Governing Religious Diversity in Malaysia
THE GOVERNANCE OF RELIGIOUS DIVERSITY
MORE OR LESS SECULARISM?
10-12 June 2015
ROUNDTABLE: GOVERNING RELIGIOUS DIVERSITY AND GENDER RELATIONS
GOVERNING RELIGIOUS DIVERSITY IN MALAYSIA – THE GENDER DIMENSION
Helen Ting Mu Hung | Universiti Kebangsaan Malaysia
Malaysia is a Muslim-majority country with a substantial non-Muslim presence. At
independence in 1957, the Federation of Malaya (which grew to be Malaysia in 1963)
was founded as a “secular” parliamentary democracy. A judiciary deliberation in 1988 by
the Lord President Salleh Abas defined the word “secular” as meaning “a nonpreferential, non-interventionist stance towards all religions”.
Article 3(1) of the Federal Constitution stipulates Islam as the “religion of the
Federation”, understood as playing a ceremonial and symbolic role. Currently, a reinterpretation of Article 3(1) is gaining ground, asserting the superior status of Islam as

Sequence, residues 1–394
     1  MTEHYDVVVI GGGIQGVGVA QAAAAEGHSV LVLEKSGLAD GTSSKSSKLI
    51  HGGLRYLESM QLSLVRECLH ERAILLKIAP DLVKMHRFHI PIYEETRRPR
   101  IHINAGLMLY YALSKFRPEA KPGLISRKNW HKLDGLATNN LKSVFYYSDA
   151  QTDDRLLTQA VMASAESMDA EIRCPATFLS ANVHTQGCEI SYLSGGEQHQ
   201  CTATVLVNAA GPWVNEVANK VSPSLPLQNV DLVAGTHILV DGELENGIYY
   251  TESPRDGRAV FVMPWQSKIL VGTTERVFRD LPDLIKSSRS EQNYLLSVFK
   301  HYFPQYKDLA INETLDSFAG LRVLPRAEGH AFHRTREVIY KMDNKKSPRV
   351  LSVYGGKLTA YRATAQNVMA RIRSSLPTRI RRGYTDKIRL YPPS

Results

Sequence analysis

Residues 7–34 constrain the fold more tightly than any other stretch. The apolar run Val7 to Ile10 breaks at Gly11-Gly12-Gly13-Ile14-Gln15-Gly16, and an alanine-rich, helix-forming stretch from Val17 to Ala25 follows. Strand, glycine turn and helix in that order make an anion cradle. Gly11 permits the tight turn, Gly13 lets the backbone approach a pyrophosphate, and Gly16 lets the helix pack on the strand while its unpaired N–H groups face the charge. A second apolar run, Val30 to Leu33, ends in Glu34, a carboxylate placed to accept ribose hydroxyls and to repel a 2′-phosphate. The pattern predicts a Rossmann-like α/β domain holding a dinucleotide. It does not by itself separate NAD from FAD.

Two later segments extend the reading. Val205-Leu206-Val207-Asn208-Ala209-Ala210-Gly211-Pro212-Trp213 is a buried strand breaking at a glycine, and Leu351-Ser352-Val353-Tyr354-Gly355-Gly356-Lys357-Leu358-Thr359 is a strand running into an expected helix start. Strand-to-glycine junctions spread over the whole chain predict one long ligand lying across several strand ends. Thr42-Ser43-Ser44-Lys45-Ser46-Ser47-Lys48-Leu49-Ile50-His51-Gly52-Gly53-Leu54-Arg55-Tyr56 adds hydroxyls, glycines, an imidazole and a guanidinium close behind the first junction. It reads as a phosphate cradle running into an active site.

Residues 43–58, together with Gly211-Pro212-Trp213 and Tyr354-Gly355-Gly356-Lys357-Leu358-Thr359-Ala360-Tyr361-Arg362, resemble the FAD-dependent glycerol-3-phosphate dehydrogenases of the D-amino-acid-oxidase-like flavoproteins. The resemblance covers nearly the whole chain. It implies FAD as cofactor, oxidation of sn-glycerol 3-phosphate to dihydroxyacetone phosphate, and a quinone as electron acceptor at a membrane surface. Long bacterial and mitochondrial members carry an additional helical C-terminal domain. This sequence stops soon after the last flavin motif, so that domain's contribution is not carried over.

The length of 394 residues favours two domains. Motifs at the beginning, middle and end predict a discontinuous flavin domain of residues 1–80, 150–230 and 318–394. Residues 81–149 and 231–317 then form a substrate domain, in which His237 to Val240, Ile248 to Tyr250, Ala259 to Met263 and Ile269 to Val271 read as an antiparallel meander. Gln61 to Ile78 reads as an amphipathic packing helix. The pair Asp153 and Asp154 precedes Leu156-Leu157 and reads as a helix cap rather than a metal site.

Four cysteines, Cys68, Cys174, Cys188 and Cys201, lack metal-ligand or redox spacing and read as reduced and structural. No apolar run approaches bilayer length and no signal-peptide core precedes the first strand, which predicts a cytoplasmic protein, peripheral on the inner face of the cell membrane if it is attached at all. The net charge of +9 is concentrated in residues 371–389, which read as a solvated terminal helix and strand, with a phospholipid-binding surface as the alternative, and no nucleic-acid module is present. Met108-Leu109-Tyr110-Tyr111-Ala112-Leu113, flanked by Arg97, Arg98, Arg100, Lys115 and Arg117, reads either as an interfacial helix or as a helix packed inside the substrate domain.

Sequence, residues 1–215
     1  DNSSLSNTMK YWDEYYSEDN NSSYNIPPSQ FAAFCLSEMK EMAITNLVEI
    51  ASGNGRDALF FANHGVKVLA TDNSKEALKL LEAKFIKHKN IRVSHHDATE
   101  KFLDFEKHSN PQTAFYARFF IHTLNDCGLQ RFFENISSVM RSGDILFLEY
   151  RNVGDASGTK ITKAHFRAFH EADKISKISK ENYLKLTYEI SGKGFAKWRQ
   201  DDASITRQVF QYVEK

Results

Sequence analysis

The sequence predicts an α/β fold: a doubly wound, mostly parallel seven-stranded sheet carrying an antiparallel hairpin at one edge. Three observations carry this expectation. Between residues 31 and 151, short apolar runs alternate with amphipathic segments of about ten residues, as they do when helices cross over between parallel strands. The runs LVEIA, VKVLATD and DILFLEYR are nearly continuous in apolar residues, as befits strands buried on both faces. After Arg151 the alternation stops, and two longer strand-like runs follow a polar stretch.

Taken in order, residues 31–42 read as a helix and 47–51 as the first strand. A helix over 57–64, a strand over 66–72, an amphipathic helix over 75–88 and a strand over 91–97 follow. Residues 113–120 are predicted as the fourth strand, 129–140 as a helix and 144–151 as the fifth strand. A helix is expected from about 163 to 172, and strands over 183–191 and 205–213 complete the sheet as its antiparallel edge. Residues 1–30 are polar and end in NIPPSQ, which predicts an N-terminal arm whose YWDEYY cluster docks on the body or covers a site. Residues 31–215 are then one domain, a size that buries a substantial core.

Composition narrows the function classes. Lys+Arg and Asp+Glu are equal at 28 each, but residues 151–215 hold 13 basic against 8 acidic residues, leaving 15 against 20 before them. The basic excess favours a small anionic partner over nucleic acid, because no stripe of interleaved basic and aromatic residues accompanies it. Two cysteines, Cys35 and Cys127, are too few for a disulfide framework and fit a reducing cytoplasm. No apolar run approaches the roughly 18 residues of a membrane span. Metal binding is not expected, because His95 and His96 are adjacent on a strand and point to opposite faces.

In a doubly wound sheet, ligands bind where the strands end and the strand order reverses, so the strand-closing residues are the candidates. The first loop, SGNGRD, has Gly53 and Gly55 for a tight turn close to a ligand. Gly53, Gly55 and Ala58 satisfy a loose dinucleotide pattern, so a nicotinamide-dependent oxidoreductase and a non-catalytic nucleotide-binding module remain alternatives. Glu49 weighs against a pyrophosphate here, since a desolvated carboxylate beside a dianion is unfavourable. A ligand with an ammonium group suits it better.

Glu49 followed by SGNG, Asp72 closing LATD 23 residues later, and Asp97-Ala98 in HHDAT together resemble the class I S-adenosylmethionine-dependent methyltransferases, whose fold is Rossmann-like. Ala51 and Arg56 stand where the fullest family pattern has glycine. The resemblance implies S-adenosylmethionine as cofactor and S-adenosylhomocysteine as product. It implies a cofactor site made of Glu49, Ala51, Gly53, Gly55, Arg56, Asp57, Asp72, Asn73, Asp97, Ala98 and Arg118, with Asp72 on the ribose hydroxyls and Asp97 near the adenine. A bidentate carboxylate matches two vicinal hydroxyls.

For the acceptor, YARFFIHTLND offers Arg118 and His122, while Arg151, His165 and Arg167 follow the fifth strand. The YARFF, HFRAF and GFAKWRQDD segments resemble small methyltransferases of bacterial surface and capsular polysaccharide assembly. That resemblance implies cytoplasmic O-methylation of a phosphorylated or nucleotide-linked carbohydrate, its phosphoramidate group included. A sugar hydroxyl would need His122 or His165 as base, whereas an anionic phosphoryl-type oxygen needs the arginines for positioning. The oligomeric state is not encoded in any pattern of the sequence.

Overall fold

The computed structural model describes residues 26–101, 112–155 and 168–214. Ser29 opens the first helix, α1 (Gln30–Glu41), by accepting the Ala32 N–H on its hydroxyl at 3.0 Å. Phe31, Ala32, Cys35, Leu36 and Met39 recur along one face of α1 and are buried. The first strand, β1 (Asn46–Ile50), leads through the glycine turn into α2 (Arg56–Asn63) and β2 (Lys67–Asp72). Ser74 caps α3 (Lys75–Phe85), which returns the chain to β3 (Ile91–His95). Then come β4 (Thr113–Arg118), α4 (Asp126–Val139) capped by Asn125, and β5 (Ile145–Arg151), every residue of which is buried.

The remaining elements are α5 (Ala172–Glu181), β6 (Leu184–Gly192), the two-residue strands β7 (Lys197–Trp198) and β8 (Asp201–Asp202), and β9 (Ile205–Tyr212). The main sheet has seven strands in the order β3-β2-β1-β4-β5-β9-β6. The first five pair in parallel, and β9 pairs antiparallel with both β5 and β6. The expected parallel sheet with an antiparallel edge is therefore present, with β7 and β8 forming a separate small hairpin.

the official religion over other religions.
Decades of comprehensive policy of Islamization from the 1980s have expanded the
sphere of competence of Syariah laws beyond Muslim marriage and inheritance matters
into moral policing and regulation of faith practices and discourses. Attempts at elevating
the status of Syariah judiciary as equal and not below the civil court is also complicating
resolution of interreligious grievances involving a Muslim party who resort to Syariah
jurisdiction. This paper will look into how issues touching on gender dimensions such as
domestic violence, parental rights over child custody and conversion have been
negotiated in an inter-religious setting and its implications on gender relations.